JUNEAU -- Gov. Sean Parnell proposed his new plan to build the Knik Arm Bridge with fully public financing last December, but it has taken more than halfway through the legislative session for the new cost plan to be taken up by lawmakers.
That plan appears to significantly reduce the risk to the state, but skeptics remain.
The nearly billion-dollar bridge project is being developed by the independent Knik Arm Bridge and Toll Authority, and until recently its status outside the regular highway construction process and the public-private partnership that was going to build it had been among its primary selling points.
But KABATA as an agency lost credibility last year when a state audit raised questions about traffic projections used to justify its toll-funded financing plan.
The new plan proposed by Parnell is winning praise from legislators who say it can make the crossing finally happen.
"It's a much improved project," said Sen. Anna Fairclough, and the new plan solves the traffic projection issue.
"It looks like it can pencil out to the benefit of the people of Alaska," she said.
Now, only a third of the project has to be paid by tolls, Fairclough said.
With the federal government financing most of the project through subsidized loans and use of federal highway construction funds, much less toll revenue is now needed to make the project work, she said.
"It requires a much lower level of volume across the bridge," she said.
And eliminating the role of the developer, who was to have helped finance the project, will lower the overall costs significantly, Fairclough said.
"We've eliminated the middleman" by having the state do the project itself, she said.
Among the skeptics' concerns is what the impact of using federal highway funds in the Knik bridge would be on other highway projects around the state, and and what risk paying off the project's bonds would present to the state.
A key part of financing the project, which KABATA estimates at $894 million, is a federal Transportation Infrastructure Finance and Innovation Act loan of $341 million, which would cost $450 million to pay off over 20 or more years.
Sen. Johnny Ellis, D-Anchorage, was among those questioning whether the changes now put KABATA in competition with other highway projects elsewhere.
"I think KABATA is a threat to transportation projects all over the state," Ellis said.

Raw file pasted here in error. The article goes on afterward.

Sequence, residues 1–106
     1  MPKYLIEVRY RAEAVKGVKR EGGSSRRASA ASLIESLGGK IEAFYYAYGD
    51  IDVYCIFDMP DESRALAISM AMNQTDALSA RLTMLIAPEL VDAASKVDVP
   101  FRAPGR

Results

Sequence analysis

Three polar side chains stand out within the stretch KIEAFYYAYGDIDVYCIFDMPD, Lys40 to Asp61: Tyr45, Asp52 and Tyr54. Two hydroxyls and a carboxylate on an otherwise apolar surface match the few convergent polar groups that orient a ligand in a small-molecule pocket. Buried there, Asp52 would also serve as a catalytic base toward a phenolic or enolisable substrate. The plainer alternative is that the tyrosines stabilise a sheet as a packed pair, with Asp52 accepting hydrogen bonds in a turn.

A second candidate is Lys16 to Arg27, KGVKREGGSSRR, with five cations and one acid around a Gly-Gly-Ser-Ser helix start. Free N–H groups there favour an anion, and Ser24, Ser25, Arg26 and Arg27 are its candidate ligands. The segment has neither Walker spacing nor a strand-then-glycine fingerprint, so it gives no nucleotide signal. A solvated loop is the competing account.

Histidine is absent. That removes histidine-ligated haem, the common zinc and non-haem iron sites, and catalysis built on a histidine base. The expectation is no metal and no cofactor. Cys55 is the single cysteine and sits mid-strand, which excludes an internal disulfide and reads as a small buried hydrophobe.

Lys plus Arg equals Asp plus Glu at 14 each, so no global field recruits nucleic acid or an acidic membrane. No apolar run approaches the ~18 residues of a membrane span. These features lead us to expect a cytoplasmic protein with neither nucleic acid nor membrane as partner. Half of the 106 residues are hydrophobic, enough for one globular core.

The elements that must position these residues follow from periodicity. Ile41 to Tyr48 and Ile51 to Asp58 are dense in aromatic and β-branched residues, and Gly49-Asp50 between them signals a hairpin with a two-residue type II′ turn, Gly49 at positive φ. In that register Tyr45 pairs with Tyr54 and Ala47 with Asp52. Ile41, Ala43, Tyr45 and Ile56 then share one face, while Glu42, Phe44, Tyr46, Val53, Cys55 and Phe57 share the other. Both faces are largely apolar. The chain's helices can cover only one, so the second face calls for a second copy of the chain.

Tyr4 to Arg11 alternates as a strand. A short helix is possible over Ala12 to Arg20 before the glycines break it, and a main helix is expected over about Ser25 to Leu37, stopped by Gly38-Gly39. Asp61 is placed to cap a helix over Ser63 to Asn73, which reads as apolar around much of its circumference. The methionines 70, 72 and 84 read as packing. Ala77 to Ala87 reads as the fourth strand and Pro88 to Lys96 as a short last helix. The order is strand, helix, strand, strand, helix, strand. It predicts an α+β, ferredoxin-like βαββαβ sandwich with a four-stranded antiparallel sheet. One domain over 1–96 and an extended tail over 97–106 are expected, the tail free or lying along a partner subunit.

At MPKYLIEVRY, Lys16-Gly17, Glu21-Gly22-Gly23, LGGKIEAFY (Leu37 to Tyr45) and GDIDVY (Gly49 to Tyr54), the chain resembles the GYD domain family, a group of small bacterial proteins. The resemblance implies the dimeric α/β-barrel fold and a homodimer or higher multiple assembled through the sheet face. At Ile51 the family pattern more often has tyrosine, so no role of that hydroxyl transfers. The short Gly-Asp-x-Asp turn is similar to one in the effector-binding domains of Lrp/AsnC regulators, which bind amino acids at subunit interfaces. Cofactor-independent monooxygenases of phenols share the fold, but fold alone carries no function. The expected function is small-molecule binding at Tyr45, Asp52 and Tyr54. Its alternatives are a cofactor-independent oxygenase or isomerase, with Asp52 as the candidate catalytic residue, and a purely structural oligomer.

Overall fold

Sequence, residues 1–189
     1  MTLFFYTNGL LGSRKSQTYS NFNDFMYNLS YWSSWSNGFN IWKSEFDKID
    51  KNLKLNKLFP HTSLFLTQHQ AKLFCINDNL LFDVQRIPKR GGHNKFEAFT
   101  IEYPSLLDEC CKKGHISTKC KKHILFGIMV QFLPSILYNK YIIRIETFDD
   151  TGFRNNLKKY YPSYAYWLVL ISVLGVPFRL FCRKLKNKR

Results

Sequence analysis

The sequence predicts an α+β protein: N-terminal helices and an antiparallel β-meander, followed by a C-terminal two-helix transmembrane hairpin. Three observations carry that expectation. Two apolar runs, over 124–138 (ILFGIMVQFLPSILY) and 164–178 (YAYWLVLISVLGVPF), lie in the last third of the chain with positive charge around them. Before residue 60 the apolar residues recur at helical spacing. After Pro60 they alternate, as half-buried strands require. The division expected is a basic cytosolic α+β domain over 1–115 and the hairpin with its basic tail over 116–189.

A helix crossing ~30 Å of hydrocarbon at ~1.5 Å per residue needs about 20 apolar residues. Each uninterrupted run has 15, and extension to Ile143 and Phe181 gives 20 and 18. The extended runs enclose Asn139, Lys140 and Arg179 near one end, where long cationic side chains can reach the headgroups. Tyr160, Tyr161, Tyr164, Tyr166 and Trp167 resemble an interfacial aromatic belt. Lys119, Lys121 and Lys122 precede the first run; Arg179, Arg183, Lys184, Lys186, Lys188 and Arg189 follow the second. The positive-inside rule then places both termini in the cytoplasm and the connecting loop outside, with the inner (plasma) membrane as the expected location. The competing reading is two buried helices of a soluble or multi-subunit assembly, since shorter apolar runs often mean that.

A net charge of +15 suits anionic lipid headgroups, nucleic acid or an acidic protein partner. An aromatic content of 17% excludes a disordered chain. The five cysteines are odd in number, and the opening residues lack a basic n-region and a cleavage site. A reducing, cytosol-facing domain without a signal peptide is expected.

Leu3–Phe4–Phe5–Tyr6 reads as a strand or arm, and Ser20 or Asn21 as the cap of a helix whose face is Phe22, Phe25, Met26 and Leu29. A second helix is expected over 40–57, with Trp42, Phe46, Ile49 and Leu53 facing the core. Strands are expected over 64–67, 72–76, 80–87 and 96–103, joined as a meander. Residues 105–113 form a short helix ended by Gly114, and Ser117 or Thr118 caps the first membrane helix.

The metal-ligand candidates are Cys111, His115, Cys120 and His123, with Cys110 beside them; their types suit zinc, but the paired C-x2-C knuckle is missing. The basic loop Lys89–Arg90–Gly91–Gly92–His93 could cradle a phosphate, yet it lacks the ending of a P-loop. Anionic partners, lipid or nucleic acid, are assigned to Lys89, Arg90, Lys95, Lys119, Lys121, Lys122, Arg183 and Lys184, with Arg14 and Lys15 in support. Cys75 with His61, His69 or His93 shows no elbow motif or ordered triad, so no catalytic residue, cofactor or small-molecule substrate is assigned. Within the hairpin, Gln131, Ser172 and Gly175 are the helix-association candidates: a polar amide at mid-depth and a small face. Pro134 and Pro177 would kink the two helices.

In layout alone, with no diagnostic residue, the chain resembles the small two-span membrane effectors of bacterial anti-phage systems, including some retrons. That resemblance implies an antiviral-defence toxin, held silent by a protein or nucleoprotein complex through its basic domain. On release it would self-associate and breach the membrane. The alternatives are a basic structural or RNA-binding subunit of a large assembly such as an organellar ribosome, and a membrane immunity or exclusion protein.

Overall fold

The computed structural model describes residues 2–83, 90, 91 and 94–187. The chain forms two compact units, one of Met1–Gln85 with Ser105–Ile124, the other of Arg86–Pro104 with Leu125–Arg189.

But Department of Transportation and Public Facilities planner Jeff Ottesen said that while moving forward with Knik Arm might mean minor delays for a handful of projects, there would be little impact on the public.
Projects chosen for delay would be those of lesser importance, such as highway improvements meant to be ready for a natural gas pipeline across Canada that looks unlikely now.
One of those, along the Haines Highway, was to have prepared that route for shipping of heavy pipeline loads.
"We can slow that down a year or two," he said. "We won't be canceling these projects; we will simply be moving them out somewhat."
But Ottesen, testifying before the Senate Finance Committee Wednesday, found skepticism among some senators.
The TIFIA bonds, paid back by tolls, would pay for one-third of the Knik bridge. Another third would come from bonds issued by and paid off by the state, and the final third would come the federal highway funds.
The possibility of actually getting those TIFIA funds is also in question, legislators said.
Sen. Donny Olson, D-Golovin, said many more TIFIA loans are applied for than are received, making it unlikely Alaska would get any.
There is a "less than one chance out of five that this project is going to realize any TIFIA funding," he said.
But KABATA is counting on getting those funds, said Judy Dougherty, the authority's acting executive director.
"We feel very comfortable that we will secure these TIFIA funds," she said.
The state's financing plan wouldn't have included those loans if they weren't realistic, she said.
"I don't think the Department of Revenue would bring forward a financing plan that included TIFIA unless there was a real assurity that we were going to get those funds," she said.
But Ellis said he doubted they'd materialize and called the federal loans "very tenuous."
"The financing plan does not look realistic to me at all," he said.
Even if the bridge is built and get its expected traffic volumes, there will be additional costs to improve related transportation infrastructure that isn't included in cost estimates.
Rep. Les Gara, D-Anchorage, said he thinks costs in and to Anchorage and the Matanuska-Susitna Borough could reach a billion dollars.
Pressed by senators about those costs, Dougherty said they were outside KABATA's scope.
"I don't have that information," she said.
Sen. Kevin Meyer, R-Anchorage, said that if the Knik crossing doesn't happen, the Glenn Highway will need additional lanes. Ottesen said the latest cost estimates for that are $600 million.
It will be a "heavy lift" to persuade legislators that the Knik crossing is needed, said Sen. Lesil McGuire, R-Anchorage.
"I hope it happens," she added. "I think its a great economic opportunity and safety corridor to develop more land for affordable housing in my community of Anchorage and redundancy for Glenn Highway for emergencies and natural disasters."
Contact Pat Forgey at pat(at)alaskadispatch.com.